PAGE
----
Gorge Rebuild-It Center will be the site of a free, hard to recycle plastics collection event on Saturday, April 24 from 10 a.m. to 3 p.m. in honor of Earth Day.
Plastics that can’t go in the blue bin — see sidebar, below — can be brought to the old Produce Kountry site, located next to Gorge Rebuild-It Center, 995 Tucker Road, Hood River. The event has been organized by Board Member Julie Tucker (also owner and project manager for Emerald Systems LLC) and Cindy Allen, the center’s bookkeeper.
Gorge Rebuild-It has also partnered with Anson’s Bike Buddies and will have free bikes to give away during the event (children must be present to receive a bike, which are limited to supply on hand).
In the days leading up to the recycling event, Gorge Rebuild-It Center is welcoming the community to come and check out the newly reorganized facility — and consider donating quality items for resale.
The center has undergone many changes since Executive Director Steve Carlson was hired by the Gorge Rebuild-It board of directors in September 2019.
The longtime nonprofit was in a state of economic decline, and he immediately got to work reducing overhead, he said — which included reducing staff to Carlson himself.
“Items of value were sold as fast as possible and the process of cleaning up the facility began,” he said. After months of cleaning and $10,000 spent on dump fees — “mostly hard to sell items,” Carlson said — the year 2020 was looking brighter. He had even started to take steps to rehire staff.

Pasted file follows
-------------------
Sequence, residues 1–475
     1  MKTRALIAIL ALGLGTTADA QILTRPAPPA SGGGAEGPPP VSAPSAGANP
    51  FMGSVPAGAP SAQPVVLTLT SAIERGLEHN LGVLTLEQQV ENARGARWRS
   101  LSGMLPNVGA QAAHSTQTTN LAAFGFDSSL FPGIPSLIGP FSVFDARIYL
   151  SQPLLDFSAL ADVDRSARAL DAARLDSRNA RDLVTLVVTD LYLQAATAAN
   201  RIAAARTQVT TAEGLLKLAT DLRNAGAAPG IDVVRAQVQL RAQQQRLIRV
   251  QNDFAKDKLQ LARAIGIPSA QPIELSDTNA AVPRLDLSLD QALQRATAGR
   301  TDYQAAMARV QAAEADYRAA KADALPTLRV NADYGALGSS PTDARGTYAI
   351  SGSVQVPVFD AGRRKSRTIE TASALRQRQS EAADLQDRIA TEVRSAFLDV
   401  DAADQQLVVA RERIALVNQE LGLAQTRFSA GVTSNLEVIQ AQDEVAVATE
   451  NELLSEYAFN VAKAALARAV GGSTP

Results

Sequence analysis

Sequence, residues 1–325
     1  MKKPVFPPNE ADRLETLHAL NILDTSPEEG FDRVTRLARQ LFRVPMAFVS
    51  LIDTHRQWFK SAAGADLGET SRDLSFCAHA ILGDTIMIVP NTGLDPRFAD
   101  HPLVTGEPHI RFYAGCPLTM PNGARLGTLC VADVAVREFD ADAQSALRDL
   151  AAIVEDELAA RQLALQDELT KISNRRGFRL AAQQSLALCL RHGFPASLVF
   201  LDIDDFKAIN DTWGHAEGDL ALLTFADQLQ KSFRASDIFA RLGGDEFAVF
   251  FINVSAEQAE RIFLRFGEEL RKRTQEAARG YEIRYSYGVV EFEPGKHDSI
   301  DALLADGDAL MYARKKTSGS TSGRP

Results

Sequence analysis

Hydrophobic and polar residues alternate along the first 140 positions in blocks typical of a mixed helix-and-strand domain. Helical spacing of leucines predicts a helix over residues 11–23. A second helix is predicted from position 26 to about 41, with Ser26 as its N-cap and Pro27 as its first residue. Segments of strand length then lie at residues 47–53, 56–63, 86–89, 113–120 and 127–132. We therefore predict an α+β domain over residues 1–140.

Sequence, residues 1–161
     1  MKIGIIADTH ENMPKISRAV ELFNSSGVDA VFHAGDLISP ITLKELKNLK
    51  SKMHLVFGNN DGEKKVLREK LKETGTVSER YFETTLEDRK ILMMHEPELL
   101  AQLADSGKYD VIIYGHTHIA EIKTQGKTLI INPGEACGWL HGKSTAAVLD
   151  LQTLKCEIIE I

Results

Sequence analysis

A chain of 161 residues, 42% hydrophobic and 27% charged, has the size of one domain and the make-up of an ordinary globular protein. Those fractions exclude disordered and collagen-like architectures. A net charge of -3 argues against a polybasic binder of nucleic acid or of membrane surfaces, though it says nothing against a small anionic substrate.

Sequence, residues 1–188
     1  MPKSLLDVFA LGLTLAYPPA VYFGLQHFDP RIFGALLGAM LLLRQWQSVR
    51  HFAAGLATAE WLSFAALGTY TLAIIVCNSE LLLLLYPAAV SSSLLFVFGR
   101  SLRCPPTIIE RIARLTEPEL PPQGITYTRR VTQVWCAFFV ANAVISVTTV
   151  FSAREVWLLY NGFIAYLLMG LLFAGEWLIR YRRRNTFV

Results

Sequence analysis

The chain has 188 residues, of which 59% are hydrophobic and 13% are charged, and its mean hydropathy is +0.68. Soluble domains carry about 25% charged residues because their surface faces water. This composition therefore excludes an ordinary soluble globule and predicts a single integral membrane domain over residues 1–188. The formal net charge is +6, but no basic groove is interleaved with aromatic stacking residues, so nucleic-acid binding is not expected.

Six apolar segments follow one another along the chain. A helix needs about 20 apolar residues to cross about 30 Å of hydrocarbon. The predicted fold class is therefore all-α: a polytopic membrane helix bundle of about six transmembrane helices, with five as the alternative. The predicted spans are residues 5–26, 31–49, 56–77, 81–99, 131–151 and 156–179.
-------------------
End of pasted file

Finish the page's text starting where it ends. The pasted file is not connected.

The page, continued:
And then, on the morning of Feb. 7, 2020, Carlson came into work to find a lock had been cut, the store trashed and items missing — including the store’s point of sale system and video surveillance equipment, which was another setback.
As was the onset of the COVID-19 pandemic. Carlson was forced to lay off himself and close the facility for five weeks.
“Fast forward to May 1, 2020 — with funds again dwindling, it was time to reopen and get back to work, without any new staff,” he said. “The community rose to the occasion, and donations and sales increased.”
By late October, the center was able to hire its first staff member, with a second soon following — there are now five employees. That winter, they reorganized the entire store and created a more effective drive-through donation area.
Carlson said that by summer, the center “is positioned to serve the community effectively.” Gorge Rebuild-It Center has furniture like chairs, as well as some sporting goods, also for sale.
With rising costs of building materials, he added that the center is a great place to find materials that would otherwise be diverted to the landfill. He lists some of those items on the center’s Facebook page, www.facebook.com/GorgeRebuildIt. And they sell fast.
“Donations are welcome — people bring in wonderful stuff,” he said. Acceptable donations fluctuate with market conditions and the facility’s capacity; donations are accepted daily up to one hour before closing.
Because the center is a nonprofit, donations may be tax deductible “if your donation is in good used condition or better,” according to its website, rebuildit.org. Donation guidelines and contact information are also on the website.
Gorge Rebuild-It Center is open Tuesday through Saturday from 10 a.m. to 4 p.m. Face coverings are required, and card payment is preferred.